A thermal overload relay works on the heat produced by the excessive overload current. The heat produced by the overload current is utilized to trip the motor circuit. These are mostly used for protection of low-voltage squirrel cage induction motors or DC motors of lower output rating.
The function of a thermal overload relay, used in motor starter circuits is to prevent the motor from drawing excessive current which is harmful to motor insulation.
It is connected either directly to motor lines or indirectly through current transformers. It de-energies the starter and stops the motor when excessive current is drawn.
Thermal Overload Relay Working Principle
Whenever the motor is overloaded, it will draw more current from the line and will be heated up gradually. The overload relay is intended to protect the motor against sustained overloads.
The overload relay is installed on motor control circuit to make a contact in the trip circuit or mechanically operate the trip bar thus shutting down the motor in the event of excessive load.
It consists bimetallic strips. The heat produced by the overload current is utilized to heat the bimetallic strips.
Under normal operating condition the strip remains straight but under the action of fault current the strip is heated and bent and the relay contacts get separated which de-energizes the motor control circuit.
The force required to bend the bimetallic strips can be adjusted by an adjuster. In other words, it can be adjusted to operate at different overload currents.
The thermal overload relay does not provide short circuit protection as it takes sufficient time to open the contacts. Therefore, this type of relay is used in conjunction with fuses to provide overload and short circuit protection to the circuit.
These relays have inverse time characteristics i.e. the tripping time becomes less as the over load and hence current increases. These are rated in trip class. The trip class specifies the period of time it will take to operate in an overload condition. The most common classes are 5, 10, 20 & 30. Class 30, 20, 10 and 5 overload relays will trip within 30, 20, 10 and 5 seconds respectively at 600% of motor full load amps.
Function of Overload Relay in DOL Starter
The circuit diagram for a DOL starter for a three-phase induction motor is shown in Figure. The starter essentially consists of a set of ‘start’ and ‘stop’ push buttons with associated contacts, overload and under voltage protective devices.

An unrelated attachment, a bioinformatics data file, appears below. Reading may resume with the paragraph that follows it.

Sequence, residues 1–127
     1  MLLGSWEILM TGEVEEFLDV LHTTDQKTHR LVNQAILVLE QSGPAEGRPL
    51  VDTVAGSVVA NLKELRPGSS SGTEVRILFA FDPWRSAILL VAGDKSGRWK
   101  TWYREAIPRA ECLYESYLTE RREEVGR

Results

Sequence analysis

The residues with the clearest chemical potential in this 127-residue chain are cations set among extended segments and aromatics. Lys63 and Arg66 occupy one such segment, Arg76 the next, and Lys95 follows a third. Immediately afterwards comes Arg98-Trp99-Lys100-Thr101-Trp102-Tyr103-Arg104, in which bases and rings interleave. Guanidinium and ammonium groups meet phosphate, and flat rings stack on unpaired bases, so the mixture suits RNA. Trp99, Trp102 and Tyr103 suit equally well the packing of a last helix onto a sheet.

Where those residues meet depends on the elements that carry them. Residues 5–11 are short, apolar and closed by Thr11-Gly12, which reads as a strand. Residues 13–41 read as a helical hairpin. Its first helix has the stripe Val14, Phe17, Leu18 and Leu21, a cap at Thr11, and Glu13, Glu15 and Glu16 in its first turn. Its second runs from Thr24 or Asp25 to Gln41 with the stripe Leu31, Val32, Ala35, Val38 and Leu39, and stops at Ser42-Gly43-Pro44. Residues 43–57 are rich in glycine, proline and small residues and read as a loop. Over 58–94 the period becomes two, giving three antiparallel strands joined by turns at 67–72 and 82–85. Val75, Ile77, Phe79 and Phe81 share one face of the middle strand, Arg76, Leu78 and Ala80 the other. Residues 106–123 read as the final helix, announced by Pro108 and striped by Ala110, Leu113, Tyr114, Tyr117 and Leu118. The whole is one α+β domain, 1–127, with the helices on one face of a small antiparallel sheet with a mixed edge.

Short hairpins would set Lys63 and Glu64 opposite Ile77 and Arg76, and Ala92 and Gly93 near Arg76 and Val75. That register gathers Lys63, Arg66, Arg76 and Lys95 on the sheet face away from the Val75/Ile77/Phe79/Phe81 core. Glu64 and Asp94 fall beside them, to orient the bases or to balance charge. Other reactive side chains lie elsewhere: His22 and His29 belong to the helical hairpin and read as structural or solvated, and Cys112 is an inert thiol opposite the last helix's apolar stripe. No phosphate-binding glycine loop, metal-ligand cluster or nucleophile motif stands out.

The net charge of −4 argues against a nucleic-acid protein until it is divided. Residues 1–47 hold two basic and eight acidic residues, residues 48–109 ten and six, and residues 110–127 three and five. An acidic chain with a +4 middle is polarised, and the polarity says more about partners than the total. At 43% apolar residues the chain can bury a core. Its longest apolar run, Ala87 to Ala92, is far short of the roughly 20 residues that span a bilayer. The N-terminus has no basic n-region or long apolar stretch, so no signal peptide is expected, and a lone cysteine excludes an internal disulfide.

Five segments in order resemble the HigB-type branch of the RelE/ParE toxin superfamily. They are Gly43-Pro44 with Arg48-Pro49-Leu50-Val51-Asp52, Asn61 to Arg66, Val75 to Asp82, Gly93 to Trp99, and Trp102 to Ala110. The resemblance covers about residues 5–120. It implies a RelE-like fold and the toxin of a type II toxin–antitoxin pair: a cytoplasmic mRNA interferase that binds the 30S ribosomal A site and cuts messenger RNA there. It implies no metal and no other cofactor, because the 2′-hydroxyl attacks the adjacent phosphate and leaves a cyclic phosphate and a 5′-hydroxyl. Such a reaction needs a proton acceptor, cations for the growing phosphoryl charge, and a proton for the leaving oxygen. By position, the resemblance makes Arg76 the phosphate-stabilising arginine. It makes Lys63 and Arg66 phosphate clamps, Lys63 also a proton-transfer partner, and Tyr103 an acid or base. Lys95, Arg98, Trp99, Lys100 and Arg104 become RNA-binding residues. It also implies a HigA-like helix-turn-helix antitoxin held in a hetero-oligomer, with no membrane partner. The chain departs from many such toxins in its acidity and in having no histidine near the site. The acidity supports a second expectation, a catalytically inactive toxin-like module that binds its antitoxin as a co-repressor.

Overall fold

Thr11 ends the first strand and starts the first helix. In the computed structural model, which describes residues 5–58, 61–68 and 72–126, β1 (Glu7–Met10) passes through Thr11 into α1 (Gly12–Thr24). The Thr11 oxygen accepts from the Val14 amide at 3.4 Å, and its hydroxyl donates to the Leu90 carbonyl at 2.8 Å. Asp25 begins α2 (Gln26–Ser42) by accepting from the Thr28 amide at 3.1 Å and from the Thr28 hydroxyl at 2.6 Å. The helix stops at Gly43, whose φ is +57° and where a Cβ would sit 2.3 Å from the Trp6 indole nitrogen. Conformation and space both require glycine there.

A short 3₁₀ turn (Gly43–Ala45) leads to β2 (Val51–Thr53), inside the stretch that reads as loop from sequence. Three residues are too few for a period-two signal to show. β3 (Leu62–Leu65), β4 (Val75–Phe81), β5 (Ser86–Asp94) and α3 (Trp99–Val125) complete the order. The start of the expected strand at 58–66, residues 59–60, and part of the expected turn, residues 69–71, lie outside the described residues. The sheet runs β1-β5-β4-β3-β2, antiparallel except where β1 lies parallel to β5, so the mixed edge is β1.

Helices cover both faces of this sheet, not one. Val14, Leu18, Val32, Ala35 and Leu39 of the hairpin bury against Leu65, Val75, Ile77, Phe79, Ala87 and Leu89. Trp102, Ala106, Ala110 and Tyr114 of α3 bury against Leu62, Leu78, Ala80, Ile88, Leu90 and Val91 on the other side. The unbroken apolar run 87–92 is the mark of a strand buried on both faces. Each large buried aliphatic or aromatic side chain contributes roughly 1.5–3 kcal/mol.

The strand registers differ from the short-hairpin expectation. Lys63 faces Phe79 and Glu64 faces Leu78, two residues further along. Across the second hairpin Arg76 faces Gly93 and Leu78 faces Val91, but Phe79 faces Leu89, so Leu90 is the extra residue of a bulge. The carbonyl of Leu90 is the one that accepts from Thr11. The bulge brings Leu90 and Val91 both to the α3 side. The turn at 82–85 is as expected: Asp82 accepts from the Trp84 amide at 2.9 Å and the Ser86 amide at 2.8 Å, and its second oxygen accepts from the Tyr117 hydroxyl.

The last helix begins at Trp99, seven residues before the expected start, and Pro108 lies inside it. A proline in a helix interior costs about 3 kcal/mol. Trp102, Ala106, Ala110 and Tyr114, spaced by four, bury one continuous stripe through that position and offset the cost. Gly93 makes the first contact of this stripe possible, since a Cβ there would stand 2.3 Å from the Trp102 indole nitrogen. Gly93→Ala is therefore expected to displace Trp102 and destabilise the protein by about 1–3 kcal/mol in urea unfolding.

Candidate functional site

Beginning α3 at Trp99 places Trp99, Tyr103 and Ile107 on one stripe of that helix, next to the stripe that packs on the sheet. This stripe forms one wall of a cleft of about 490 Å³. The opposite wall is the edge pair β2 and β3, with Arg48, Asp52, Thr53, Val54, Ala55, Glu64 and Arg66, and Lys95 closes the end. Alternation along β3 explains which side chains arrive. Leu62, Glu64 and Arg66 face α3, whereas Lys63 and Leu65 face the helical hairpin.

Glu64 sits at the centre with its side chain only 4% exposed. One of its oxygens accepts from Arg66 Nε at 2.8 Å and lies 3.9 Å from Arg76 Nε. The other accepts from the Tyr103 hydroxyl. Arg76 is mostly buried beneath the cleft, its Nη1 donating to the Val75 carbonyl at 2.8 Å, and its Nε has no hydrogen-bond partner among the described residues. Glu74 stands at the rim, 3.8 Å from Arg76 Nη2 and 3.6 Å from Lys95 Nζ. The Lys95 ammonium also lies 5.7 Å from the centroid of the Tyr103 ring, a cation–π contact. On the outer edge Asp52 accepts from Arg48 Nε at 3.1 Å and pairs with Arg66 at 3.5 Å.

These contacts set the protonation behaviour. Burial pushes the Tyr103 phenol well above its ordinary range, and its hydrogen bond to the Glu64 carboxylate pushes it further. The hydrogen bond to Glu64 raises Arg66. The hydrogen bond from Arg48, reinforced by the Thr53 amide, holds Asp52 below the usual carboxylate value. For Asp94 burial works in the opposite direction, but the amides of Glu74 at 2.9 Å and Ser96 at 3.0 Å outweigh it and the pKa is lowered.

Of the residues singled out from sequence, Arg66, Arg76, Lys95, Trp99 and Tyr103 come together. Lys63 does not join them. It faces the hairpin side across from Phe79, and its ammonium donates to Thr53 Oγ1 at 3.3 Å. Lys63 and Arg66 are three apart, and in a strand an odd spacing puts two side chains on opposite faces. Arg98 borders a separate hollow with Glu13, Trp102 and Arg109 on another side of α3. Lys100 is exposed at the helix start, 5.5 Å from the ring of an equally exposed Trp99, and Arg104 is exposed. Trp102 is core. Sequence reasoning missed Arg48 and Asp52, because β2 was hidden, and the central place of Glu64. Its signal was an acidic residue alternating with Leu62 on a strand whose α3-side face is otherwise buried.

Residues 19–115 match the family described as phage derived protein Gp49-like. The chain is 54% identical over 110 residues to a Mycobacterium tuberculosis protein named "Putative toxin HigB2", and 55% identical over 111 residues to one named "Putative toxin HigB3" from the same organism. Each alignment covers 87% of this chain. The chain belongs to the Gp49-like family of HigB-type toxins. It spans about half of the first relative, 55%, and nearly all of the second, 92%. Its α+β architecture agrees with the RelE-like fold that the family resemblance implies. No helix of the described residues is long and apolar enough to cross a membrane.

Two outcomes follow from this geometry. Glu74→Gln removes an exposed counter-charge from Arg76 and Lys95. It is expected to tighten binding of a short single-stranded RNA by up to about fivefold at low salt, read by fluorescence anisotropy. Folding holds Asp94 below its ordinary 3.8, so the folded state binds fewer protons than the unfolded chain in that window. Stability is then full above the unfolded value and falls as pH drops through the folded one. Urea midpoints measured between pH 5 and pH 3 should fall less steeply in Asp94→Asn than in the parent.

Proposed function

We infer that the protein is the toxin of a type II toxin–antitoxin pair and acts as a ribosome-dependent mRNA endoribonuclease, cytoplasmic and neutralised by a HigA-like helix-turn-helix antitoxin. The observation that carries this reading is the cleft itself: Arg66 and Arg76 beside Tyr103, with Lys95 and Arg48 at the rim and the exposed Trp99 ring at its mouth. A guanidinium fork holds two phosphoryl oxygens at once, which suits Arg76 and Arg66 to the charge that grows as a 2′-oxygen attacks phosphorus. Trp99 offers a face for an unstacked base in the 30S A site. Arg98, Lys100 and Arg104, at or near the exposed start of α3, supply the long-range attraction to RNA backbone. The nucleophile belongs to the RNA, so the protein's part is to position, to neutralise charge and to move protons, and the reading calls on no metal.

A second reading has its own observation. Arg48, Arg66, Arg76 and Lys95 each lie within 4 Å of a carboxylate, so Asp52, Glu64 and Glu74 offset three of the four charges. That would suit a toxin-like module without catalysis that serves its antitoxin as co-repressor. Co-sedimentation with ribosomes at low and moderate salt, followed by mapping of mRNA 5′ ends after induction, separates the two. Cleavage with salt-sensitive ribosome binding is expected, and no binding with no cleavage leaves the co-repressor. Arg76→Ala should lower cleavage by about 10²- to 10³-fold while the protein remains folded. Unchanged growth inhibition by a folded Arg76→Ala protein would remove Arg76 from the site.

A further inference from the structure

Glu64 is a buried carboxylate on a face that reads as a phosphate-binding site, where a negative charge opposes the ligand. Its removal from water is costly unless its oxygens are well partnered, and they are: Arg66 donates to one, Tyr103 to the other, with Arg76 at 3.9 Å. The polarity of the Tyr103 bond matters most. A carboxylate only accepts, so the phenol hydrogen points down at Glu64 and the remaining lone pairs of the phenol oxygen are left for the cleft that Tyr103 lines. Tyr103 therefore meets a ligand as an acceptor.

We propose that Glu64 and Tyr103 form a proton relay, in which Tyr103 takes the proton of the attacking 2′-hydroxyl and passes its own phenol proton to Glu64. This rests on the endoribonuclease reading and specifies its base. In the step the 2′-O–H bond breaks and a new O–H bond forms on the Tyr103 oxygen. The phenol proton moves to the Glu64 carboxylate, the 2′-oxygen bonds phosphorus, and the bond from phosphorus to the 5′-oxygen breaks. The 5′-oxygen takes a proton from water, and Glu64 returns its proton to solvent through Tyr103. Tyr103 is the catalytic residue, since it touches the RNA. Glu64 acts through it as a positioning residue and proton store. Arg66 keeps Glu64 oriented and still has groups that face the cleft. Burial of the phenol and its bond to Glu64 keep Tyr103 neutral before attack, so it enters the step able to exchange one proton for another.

The start push button (S1, usually green colored) is a momentary contact switch that is held normally open by a spring. The stop push button (S2, usually red colored) is a momentary contact switch that is held normally closed by a spring. The operation is as follows.
When the start push-button S1 is pressed, the operating coil ‘C’ ( or the main contactor) get energized through the overload contact ‘D’ (normally closed). This closes the three main contacts ‘M’ that connect the motor to the supply. At the same time, the auxiliary contact ‘A’ is also closed.
When the auxiliary contact is closed, a new circuit is established through the stop push button, auxiliary contact and operating coil ‘C’. Since the operating circuit is now maintained by auxiliary contact, the motor keeps on running even after releasing the start push button.
If the supply fails or line voltage drops below a certain value, the main contacts and the auxiliary contact are opened. Upon return of the supply, the contactor cannot close until the start button is pressed again.
When the motor is overloaded, it draws current more than its normal operating current. This overload current heats the bimetallic strip of the thermal overload relay.
Now due to this heat, bimetallic strip starts bending. After some time, it bends sufficiently and motor control circuit opens at point ‘D’ (the point is shown in Figure). It disconnects the operating coil from the supply. As a result, the motor stops.
Thanks for reading about thermal overload relay working principle.
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